subroutine my_function(argument list) { do whatever we need return something, if necessary }Now, we want to calculate the average, therefore, we have to access the data. That is really easily done, simply by calling

foreach datum foo in 'bar' using baz

which, instead of plotting, takes the numbers in column 'baz' of file 'bar' and puts them into the variable 'foo'. Once the variable is assigned, we can do whatever we want with it. Our average-calculating routine would then look like this

subroutine ave(filename, column) { sum_x = 0 N = 0 foreach datum x in filename using $(column) { N = N + 1 sum_x = sum_x + x } if(N > 0) { return sum_x / N } else { return NaN } }Firs, we initialise two variables, sum_x, and N, then we read the values in 'filename', column 'column' into x. We increment N by one, just to know how many records there are in the file, and add x to sum_x. At the end, depending on the number of records, we either return the average, or a NaN, to indicate that nothing was in the file.

Having defined the function, we can call it from the command line as

x = average('data1.dat', 2) print xwhich will print out the average of the second column in 'data1.dat'. A function which calculates the standard deviation could be defined as follows.

subroutine std(filename, column) { sum_x = 0 sum_sq = 0 N = 0 foreach datum x in filename using $(column) { N = N + 1 sum_x = sum_x + x sum_sq = sum_sq + x * x } if(N > 0) { sum_x = sum_x / N return sqrt(sum_sq / N - sum_x * sum_x) } else { return NaN } }Now, this works all right for cases, where we want to calculate the statistics of some column in a data file. But what, if before doing that, we also want to modify the data. For instance, we might need the average of not the data per se, but the average of the sine of the data points. What should we do then?

Well, the trivial solution is to hard-wire the expression in our the average routine that we defined above. However, this method does not lend itself to very flexible use, does it? So, is there a way to supply the data file, the column that we want to process, and the expression that we want to use? Sure, there is, in fact, it is rather simple. All we have to do is to add a string to our function, and evaluate the string to yield a function that we can apply to the data points. Thus, our new version of the average subroutine would read as follows

subroutine ave_e(filename, column, expr) { str_temp = "f(x) = %s"%(expr) exec str_temp sum_x = 0 N = 0 foreach datum x in filename using $(column) { N = N + 1 sum_x = sum_x + f(x) } if(N > 0) { return sum_x / N } else { return NaN } }The first two arguments are as above, and the third one is supposed to be a string variable. In the subroutine, first we create a new string, which is nothing but the function definition. Note that the sprintf function as such does not exist in pyxplot, but we have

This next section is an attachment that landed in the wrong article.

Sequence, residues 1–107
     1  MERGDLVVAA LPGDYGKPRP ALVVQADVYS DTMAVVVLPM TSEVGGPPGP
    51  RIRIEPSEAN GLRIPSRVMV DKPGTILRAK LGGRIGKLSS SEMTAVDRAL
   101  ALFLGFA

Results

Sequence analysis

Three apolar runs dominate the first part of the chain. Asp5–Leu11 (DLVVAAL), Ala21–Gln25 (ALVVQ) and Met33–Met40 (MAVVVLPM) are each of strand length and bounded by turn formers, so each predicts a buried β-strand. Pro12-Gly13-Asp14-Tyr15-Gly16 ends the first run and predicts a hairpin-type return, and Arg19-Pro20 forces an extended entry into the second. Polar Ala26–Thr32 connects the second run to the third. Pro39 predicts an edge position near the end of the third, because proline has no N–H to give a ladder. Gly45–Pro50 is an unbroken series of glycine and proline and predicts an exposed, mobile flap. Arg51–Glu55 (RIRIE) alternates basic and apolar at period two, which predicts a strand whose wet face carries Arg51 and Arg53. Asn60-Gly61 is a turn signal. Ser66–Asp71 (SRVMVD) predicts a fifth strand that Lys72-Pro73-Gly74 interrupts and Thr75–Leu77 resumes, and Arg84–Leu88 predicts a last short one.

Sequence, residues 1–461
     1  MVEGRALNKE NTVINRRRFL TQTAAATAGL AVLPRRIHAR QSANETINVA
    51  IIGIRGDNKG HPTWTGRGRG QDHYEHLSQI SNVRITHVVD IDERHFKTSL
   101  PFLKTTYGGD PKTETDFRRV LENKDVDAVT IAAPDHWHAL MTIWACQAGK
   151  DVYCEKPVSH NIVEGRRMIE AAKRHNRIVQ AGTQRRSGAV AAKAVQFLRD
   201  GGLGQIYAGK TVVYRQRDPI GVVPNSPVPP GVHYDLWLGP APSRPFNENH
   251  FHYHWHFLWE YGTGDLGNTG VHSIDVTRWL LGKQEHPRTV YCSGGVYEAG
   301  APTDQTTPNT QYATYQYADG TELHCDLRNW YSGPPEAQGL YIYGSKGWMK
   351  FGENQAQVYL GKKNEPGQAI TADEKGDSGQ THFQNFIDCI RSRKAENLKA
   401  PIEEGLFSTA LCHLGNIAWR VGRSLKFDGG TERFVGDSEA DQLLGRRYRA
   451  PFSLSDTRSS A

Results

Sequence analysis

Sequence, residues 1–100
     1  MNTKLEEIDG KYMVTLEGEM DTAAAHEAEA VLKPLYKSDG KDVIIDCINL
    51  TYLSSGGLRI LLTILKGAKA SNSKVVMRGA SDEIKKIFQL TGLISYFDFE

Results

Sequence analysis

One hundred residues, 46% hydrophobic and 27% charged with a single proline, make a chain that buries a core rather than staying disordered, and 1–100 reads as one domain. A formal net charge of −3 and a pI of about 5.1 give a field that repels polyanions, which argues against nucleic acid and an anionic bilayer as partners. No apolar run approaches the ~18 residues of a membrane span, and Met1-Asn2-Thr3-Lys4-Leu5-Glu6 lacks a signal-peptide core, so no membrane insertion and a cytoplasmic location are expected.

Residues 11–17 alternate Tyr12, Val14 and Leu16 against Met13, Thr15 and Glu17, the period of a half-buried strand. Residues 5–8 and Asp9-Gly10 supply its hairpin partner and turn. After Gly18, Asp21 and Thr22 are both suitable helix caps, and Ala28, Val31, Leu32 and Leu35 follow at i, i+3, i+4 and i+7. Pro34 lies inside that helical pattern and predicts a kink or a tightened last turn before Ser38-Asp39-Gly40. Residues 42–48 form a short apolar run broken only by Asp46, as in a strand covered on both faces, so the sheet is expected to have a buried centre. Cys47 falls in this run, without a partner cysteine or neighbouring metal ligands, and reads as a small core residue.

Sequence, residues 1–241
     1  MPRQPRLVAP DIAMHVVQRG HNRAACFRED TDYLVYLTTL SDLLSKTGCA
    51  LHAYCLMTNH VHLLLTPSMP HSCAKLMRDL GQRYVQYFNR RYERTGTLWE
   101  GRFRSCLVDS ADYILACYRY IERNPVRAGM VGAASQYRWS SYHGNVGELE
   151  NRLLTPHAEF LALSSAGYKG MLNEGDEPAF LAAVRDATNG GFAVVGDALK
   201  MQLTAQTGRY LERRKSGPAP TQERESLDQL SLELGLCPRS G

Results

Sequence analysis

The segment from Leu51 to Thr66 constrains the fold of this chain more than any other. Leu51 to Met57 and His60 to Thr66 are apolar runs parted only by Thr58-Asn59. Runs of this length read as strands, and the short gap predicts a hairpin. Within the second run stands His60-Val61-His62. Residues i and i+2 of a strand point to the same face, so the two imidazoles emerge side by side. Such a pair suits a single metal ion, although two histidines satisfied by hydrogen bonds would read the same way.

str_temp = "f(x) = %s"%(expr)instead. Except for the slight difference in the form, it behaves in the same way as sprintf in gnuplot. Also note that string concatenation does not work as it does in gnuplot, namely, with the dots between the string variables. Instead, if one has to append a string to another one, one can do

a = "foo" b = "bar" c = "%s"%(a,b)Now, back to our average subroutine! At this point, we have a string that contains the definition of our new function. In gnuplot, we would just use eval to turn this into an actual definition. In pyxplot, we execute exec instead. But the results is the same, our string has been promoted to the rank of a full-fledged function, which we can call in the common way. In the body of the foreach loop, we add f(x) instead of x, and we are done. So, if we wanted the calculate the average of the sin(x*tan(x)+cos(x)) of the 2nd data column in file 'foo', we would call our subroutine as

print ave_e('foo', 2, "sin(x*tan(x)+cos(x)")And finally, what happens, when we have to calculate the average of some quantity that depends on two or more columns? If this is the case, we can print the manipulated data to a file, and apply the average function to the new data set. In gnuplot, we would simply plot the data after having set the tabular flag. In pyxplot, we use the tabulate command to indicate that we do not want to plot, but send the output to a data file. Thus, if we need the average of sin($1)*cos($2), we can do the following

set output 'bar.dat' tabulate 'foo.dat' using (sin($1)*cos($2)) ave('foo.dat', 1)I hope that today I could convince you that data can very easily be accessed and manipulated in pyxplot. Next time I will discuss "real" plotting.

So long,

Zoltán

Hi I have been following the gnuplot tricks(awesome pages I have to admit) but now you switched to pyxplot. Well, then let me rise the question why not R?

ReplyDeleteCheers,

Schwan

Greetings Schwan,

ReplyDeleteThe answer is, I don't quite know. I think, R is too big for my taste as a plotting application, in fact, it is much more, than that. But then, I started with gnuplot some 10 years ago, and I grew sort of fond of it, until I looked into the code recently.

Cheers,

Zoltán